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Discussion in 'The Cafe'' started by jzuzphreek, Apr 5, 2013.
Well, I took the plunge.
And I am very happy I did. This thing rocks.
I've tried a friends Cremina and find it produces a decent cup. I can get decent shots on many machines costing a third the price and really never understood the cost factor of a Cremina. A machine like a Faema Faemina (roughly 1K) adds a layer of consistency with the addition of a spring. The spring has repeatable tension that is difficult to repeat with a non-spring machine. Solid brass boiler with integrated group which on it's own weighs 9+ kilos aids in temperature stability. I've refurbished four of these and can agree to their robustness in material quality and design.
You will enjoy using it.
There is supposed to be a new release of Artisan available for download (1.4.0). Are you using that new version to run the hottop?
You can find out what is new and get the release from their web site.
Artisan: Artisan v1.4.0
I'm still using the 1600+ up at the cabin so have not bothered to get the new release.
I suspect my fascination with the Cremina is that I bought one in the early 1980's was my first quality espresso machine (I am told you never forget your first). I don't recall the price but my brother and I negotiated the sale of two at a good price.
I was in Basel a few years ago and saw a new on in a shop at a shocking price. To be totally honest I am quite happy with my GS3. It is an older AV model and I can make great shots but every once in awhile I think I want a paddle machine and I start looking at the slayer website. In the mean time I am keeping my eye out for a Compak K10, F10, E10 on the used market.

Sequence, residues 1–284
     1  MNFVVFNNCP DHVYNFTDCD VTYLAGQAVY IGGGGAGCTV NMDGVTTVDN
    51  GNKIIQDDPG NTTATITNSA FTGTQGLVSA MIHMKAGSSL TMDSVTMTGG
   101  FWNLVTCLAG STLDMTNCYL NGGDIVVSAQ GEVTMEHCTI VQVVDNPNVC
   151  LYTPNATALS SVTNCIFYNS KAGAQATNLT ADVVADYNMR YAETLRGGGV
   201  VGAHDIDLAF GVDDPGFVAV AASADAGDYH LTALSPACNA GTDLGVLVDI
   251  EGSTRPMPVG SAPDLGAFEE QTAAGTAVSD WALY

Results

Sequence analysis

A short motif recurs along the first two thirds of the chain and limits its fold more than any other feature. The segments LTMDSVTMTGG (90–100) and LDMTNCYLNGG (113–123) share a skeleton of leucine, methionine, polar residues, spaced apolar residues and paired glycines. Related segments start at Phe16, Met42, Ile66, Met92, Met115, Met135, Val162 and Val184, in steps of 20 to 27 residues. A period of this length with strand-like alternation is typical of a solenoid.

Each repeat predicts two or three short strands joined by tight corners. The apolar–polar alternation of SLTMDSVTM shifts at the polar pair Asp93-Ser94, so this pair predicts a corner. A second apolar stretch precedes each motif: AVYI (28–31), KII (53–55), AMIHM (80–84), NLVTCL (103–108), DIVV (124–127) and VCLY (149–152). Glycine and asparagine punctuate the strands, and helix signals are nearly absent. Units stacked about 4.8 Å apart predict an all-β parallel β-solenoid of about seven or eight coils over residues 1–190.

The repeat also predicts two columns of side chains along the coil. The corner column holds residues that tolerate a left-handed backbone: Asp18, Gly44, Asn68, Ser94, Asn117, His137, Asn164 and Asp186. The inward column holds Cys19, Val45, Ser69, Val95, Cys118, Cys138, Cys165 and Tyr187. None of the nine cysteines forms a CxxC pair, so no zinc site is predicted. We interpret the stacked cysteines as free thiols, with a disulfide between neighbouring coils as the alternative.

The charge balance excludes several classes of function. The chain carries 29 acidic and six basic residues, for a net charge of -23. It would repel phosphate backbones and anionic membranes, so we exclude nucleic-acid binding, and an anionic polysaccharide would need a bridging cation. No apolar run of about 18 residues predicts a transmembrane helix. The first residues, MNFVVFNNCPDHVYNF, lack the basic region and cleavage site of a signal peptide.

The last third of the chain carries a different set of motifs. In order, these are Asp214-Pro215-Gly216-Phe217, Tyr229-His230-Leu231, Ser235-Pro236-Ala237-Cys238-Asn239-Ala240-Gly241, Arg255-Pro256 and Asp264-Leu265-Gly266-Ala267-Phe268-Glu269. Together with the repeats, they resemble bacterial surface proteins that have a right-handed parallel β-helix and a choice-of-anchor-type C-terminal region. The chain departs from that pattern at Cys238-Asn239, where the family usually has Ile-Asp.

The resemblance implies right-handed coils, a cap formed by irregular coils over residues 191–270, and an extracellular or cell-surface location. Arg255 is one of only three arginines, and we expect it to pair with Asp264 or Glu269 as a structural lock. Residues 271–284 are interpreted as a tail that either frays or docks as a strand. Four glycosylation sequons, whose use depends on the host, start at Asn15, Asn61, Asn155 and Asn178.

I'm using 1.3.1. I did download and install 1.4.0, but I could get no temperature readings, no matter what I tried--that is, until I uninstalled it and installed 1.3.1. I posted my problem on the Artisan email list, and and Marko (who maintains Artisan) replied that the Hottop communication is broken in 1.4.0. A v1.5.x should be out soon that addresses that and other issues that came up with 1.4. I'm still just learning the basics, so I'm not in a rush at all for new versions.
I've only done a couple of roasts, so far, both with the La Minita (I have a bunch of that and am most familiar with it). The first was just taking the manuals advice and just running the Auto program to see how the machine behaves. That went from 1C to 2C with very little pause, and I dropped it just as 2C was really getting underway (I might have done it sooner, but I was taken a bit by surprise). I used Artisan to monitor the roast in order to see how that works live and in person. That batch actually made for a nice cup out of the French press with only about 18 hours rest, which was a pleasant surprise.
For the second roast, I operated the roaster manually via Artisan in order to get some idea how that might go. That was pretty slick! The information and control makes for a more engaging roast. That batch came out pretty good, too, and I was just monkeying around a little. I look forward to working with future roasts and having profiles to compare.